SafeMoon Hacker Agrees to Return 80% of Stolen Funds

SafeMoon Hacker Agrees to Return 80% of Stolen Funds
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As per the recent development, The hacker who stole funds from the DeFi SafeMoon has agreed to return 80% of the money. SafeMoon announced on Twitter that they have reached an agreement with the hacker, who will keep 20% of the funds as a bug bounty, and in exchange, SafeMoon is not pursuing legal action against the exploiter. 

The decision was made by keeping in mind the best interests of the company, as well as those of the community. SafeMoon can be classified as a DeFi protocol that runs on the BNB chain. It was hacked last month when the hacker drained Safemoon (SFM) and the Binance Coin (BNB) worth $9 million by manipulating a flaw in its smart contracts from its liquidity pool.

Soon after the exploit, the situation cooled off, and a great percentage of people expressed dissatisfaction over the way Safemoon handled the exploit. However, on April 18, the SafeMoon deployer account posted a transaction on the BNB chain, coupled with the hacker’s address as the recipient.

This development follows weeks after the hacker stated that they drained the funds accidentally. Not too long after the hacker made this move public, the SafeMoon team responded the same day and asked the hacker to share a Telegram handle so contact could be made.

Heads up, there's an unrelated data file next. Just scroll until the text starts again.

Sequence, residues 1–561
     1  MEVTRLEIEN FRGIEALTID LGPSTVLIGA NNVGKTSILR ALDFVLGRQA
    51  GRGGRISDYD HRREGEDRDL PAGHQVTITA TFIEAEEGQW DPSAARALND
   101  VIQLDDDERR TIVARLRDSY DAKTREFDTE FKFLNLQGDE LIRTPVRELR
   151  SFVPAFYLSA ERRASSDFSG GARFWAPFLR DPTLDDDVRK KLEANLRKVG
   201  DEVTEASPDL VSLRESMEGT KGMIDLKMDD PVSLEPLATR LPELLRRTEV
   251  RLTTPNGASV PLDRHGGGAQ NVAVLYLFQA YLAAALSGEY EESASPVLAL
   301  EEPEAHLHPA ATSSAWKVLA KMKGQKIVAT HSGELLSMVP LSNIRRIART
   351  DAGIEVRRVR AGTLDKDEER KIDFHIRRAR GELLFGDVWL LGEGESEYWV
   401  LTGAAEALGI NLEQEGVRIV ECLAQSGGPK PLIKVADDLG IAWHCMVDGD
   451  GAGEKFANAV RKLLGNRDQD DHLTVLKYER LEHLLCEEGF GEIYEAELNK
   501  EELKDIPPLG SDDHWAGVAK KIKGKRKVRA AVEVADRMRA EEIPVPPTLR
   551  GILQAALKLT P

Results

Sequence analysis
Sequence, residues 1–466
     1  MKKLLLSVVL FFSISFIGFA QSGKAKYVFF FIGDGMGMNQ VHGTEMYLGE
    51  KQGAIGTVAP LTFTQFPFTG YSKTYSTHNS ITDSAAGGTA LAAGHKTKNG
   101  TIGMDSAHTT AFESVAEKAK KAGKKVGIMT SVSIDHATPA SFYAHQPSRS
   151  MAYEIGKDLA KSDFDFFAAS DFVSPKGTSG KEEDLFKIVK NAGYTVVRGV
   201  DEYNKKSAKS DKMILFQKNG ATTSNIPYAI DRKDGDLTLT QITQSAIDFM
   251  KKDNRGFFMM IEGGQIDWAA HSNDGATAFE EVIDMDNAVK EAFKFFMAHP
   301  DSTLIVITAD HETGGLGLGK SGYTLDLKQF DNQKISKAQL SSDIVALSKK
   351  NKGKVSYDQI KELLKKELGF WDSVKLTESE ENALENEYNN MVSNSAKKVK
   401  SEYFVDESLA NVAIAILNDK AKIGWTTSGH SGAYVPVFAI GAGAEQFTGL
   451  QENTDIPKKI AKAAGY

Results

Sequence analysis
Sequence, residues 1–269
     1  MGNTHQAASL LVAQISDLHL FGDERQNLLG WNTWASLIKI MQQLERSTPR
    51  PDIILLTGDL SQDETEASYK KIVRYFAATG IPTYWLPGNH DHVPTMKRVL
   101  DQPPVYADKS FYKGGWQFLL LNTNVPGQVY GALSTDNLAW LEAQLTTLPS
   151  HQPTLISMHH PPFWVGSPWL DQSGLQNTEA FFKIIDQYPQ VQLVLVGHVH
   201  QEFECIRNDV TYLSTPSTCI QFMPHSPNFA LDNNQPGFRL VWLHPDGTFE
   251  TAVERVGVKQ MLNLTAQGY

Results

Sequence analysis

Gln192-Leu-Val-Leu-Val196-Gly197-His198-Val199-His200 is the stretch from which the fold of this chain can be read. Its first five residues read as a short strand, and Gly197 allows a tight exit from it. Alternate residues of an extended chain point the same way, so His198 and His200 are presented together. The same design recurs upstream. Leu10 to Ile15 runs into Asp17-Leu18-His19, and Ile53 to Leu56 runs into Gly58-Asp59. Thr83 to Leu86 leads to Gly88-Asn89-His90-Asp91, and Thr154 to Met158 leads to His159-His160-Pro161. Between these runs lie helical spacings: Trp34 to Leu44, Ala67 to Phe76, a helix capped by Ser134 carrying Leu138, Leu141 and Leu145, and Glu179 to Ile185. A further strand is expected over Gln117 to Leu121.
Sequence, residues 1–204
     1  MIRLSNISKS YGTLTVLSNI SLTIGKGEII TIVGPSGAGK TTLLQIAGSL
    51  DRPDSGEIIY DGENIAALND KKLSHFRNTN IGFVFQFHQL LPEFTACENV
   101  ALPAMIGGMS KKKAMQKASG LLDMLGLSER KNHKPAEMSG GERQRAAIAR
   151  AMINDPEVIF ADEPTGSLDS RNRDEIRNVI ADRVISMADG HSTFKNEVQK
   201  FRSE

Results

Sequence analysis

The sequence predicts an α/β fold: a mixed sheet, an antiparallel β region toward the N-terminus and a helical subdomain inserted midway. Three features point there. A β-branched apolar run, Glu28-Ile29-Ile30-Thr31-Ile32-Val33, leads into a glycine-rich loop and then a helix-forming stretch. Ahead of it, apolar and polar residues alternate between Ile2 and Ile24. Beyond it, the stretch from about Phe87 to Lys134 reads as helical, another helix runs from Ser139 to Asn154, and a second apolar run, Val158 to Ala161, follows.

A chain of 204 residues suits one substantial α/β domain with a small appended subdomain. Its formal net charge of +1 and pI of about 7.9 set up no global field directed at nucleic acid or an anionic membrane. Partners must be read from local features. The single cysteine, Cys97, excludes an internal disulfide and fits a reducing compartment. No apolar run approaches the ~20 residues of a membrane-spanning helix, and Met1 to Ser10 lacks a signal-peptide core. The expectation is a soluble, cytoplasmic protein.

What’s Next In the Safemoon Exploit Story?

What's Next In the Safemoon Exploit Story?

All communications between SafeMoon and the hacker remained shrouded in mystery until April 18 when it was confirmed that an agreement had been reached. Nonetheless, the Safemoon (SFM) token has gone up by around 3% in the last 24 hours due to positive news related to its exploited funds

It is a fact that countless DeFi protocols have become a target for exploits. At the same time, negotiating in hopes of getting the stolen funds back has increased as well. On April 4 this year, the Euler Finance hacker issued an apology and returned almost all of the stolen funds. Similarly, the hacker responsible for draining approximately $967,000 worth of cryptocurrencies from Sentiment returned almost 90% of the stolen funds, with the remaining 10% being kept by them as a bounty.

Keeping in mind how the problem is increasing rapidly on a regular basis, many Web3 developers argue that bug bounties must be higher than they currently are, and all development teams must display a sense of greater diligence when it comes to paying them. The main reason for making such statements in the first place is the belief surrounding how higher bounties could motivate hackers to report bugs instead of using them to their advantage.


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